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Volume 2 Issue 1
Robert Blair Kaiser: A Letter from the Editor
Reviewed by Don Foran: A Dying Breed of Brave Men: The Self-Written Stories of Nine Married Priests Edited by Robert J. Brousseau
Reviewed by Doug McFerran: Papal Reich by Arun Pereira
Reviewed by Leonard Swidler: Ignatian Humanism: A Dynamic Spirituality for the Twenty-First Century by Ronald Modras
Thomas P. Doyle: The John Jay Report and The National Review Board Report
Bruce Russett: Conclusion of Governance, Accountability and the Future of the Catholic Church — Monarchy, Democracy, or "Decent Consultation Hierarchy"?
Leonard Swidler: Desperately Needed: Catholic ‘Americanist’ Heroes — The Model of Bishop John England of Charleston
Morgan Zo Callahan: Two Zen Dialogues:
Change Your Mind Day — June 7, 2003 — Ciudad de Los Angeles
Distant & Close
Geraldine Glodek: One Day on the Way to the Time Room
Paul Kelly: The Kelly Kollection
JESUITS THEN & NOW
Robert Brophy, Don Cordero, Doug McFerran, Robert R. Rahl, Jim Torrens, SJ, and Dave Van Etten : Convocation 2003
Peter Henriot, SJ: Letter from Zambia
Joseph E. Mulligan, SJ: A Faith and Justice Pilgrimage in Rome ... and Related Reflections at Home
Frances A. Della Cava and Madeline H. Engel: Catholics under the Magnifying Glass: Views in American Mystery Fiction
Ramón Rami Porta: El teólogo itinerante: Un comentario sobre Monseñor Quijote de Graham Greene
Ramón Rami Porta: The Itinerant Theologian: A Commentary on Monsignor Quixote by Graham Greene
Pete Henriot is one of our favorite Jesuits, laboring in the relative obscurity of Zambia, and far away from his home Province of Oregon. We reprint one of his rare newsletters, because it gives us a little window on a world we hardly ever think about.
Letter from Zambia
Peter Henriot, SJ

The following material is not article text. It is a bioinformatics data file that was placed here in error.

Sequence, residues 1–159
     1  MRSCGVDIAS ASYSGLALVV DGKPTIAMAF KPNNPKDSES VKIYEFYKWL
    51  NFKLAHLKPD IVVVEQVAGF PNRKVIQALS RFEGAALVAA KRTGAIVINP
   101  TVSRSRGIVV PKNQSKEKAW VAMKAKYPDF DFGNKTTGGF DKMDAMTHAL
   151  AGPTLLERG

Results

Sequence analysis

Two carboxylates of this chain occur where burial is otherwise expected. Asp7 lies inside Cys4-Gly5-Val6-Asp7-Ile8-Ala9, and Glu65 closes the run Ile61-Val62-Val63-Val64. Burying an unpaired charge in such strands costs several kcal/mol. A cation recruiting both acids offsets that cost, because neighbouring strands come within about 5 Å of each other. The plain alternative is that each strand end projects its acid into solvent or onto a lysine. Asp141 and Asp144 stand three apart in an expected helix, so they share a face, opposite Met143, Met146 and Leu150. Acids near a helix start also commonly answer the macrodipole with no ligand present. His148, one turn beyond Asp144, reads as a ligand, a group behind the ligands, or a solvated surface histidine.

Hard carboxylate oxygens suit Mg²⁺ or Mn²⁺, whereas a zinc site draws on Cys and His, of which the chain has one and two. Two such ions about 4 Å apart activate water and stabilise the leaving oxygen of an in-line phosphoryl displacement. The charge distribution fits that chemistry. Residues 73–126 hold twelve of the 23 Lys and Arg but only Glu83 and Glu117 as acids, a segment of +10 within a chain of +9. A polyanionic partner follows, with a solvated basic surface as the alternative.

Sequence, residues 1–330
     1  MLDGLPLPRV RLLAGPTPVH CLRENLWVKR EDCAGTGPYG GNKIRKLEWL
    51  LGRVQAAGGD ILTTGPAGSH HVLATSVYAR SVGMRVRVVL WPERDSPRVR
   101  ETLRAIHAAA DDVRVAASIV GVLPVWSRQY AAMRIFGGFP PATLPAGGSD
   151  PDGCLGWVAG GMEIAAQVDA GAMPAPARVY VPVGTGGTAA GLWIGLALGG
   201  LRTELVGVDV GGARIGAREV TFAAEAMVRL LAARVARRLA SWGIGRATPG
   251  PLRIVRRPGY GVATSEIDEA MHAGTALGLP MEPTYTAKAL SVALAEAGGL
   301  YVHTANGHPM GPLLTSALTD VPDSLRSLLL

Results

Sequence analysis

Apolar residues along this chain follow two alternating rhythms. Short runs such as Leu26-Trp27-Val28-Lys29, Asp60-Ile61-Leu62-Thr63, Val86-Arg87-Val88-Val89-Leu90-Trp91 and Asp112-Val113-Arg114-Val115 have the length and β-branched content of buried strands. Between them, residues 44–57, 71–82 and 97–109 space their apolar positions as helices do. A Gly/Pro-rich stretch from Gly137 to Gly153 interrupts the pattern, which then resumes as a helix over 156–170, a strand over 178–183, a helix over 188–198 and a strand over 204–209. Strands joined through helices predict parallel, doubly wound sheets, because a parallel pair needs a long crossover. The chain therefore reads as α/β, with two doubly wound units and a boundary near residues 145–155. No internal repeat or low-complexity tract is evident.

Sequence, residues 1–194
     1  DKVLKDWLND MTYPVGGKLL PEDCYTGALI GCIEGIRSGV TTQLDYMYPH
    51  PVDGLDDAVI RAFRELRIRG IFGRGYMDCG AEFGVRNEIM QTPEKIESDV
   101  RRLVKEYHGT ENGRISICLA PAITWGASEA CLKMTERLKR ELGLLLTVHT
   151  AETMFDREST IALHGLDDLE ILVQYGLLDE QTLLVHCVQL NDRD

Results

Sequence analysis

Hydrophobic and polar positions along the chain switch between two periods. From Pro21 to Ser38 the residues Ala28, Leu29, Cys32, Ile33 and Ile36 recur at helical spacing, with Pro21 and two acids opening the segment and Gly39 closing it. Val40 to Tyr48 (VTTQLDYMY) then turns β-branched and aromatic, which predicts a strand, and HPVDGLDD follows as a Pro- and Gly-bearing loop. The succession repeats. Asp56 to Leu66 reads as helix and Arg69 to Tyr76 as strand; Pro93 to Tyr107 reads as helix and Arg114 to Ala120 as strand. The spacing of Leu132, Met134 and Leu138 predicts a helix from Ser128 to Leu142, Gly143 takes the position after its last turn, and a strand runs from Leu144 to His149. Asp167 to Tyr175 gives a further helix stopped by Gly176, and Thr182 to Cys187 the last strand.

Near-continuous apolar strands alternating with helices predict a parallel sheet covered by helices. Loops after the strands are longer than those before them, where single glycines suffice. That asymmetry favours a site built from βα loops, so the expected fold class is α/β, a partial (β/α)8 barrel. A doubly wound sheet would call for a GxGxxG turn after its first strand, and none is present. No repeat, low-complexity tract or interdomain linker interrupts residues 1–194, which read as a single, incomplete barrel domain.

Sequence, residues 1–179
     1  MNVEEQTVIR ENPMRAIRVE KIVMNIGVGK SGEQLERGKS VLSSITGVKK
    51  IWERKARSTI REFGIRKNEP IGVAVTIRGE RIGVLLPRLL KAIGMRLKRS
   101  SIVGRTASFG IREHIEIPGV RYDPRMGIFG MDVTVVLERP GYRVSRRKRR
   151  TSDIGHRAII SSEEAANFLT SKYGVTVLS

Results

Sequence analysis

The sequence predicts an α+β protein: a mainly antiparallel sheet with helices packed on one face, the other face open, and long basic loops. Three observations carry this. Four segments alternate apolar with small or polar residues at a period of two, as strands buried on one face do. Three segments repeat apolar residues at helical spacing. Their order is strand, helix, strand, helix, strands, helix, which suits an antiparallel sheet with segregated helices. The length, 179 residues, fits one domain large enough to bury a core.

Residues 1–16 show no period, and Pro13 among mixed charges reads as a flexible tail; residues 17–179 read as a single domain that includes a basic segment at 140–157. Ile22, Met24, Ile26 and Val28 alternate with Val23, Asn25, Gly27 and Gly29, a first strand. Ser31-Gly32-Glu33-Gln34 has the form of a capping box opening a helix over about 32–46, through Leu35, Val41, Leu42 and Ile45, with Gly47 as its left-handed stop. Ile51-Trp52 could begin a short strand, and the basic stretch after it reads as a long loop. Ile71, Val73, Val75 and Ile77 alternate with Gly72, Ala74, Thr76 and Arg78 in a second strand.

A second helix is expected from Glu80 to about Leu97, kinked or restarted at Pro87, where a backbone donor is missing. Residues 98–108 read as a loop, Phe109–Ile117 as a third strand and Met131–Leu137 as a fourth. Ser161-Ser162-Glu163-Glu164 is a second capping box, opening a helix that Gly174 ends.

JESUIT CENTRE FOR THEOLOGICAL REFLECTION
"Promoting Faith and Justice"
P.O. Box 37774
10101 Lusaka, Zambia
01 December 2003
“Absence makes the heart grow fonder.” As I send this year’s Christmas greetings and New Year’s blessings, I hope that the “absence” of my periodic letters for the past few years has made you “fonder” of hearing from me now! Sorry I have fallen off the pattern of some regular communication – but if you have not heard from me it doesn’t mean that you have not been in my thoughts and prayers!
It’s hard to believe that I’ve been here in Zambia fifteen years now. It’s been a busy and blessed time, thank God! I often describe Zambia as “a very rich country with very poor people.” Very rich country with resources of agriculture, minerals, water, wonderful human beings, peace (we are the envy of our neighbours!). But very poor people, facing economic hardships and social decline that really violates human dignity. Some of that is because of Zambia’s fault – bad leadership, for example. But so much of it is because Zambia is a small country caught in the web of a globalisation that in structures and attitudes pays very little respect for Africans.
My privilege has been to be a priest serving in a very vital church and to work with a team of twelve young Zambians, well-trained and dedicated, at the JCTR, in the task of “promoting faith and justice.” What that abstract expression means in the concrete can be seen in a random sample of what might occupy me during a not-untypical week:
Sunday : After the two-hour ciNyanja liturgy (plenty of singing, dancing, drumming, talking) in my outstation, I accompany leaders of a small Christian community to visit and pray with a dying community member. Looking like he will only last a few more days (last wasting of AIDS), he nevertheless joins in a song after receiving Communion – and we exclaim Amen
Monday : I have the chance to present a sharp critique of macro-economic policies and HIPC debt measures to a team of IMF officials visiting from Washington. Part of our NGO contingent walk out in frustration with the reluctance of the visitors to acknowledge the failures of policies imposed from outside (e.g., privatisation) that don’t take into consideration the social impact< on the people of Zambia. I stay to the end to “dialogue” – always in the hope that our analysis and recommendations might be heard by those who such power over the lives of Zambians and others….